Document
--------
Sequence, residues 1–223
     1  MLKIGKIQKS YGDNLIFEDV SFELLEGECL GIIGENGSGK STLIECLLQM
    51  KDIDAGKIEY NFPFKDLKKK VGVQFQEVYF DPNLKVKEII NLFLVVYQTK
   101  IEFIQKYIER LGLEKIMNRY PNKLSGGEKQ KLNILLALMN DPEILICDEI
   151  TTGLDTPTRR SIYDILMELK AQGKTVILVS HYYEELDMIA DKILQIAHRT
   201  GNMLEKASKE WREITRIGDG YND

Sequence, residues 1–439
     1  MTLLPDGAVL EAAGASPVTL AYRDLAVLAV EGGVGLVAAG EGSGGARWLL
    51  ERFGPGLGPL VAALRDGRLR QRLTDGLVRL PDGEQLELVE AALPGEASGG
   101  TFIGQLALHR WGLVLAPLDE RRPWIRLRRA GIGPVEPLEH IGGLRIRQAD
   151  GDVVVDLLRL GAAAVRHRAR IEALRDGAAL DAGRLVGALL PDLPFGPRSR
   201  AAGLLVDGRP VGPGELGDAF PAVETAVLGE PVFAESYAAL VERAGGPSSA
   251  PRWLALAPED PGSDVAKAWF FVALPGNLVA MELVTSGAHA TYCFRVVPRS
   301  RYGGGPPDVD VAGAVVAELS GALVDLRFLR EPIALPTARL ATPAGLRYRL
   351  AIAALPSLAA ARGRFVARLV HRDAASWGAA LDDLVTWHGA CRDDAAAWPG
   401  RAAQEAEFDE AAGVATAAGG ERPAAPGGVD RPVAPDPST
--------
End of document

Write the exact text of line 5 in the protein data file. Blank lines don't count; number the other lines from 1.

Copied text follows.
   151  TTGLDTPTRR SIYDILMELK AQGKTVILVS HYYEELDMIA DKILQIAHRT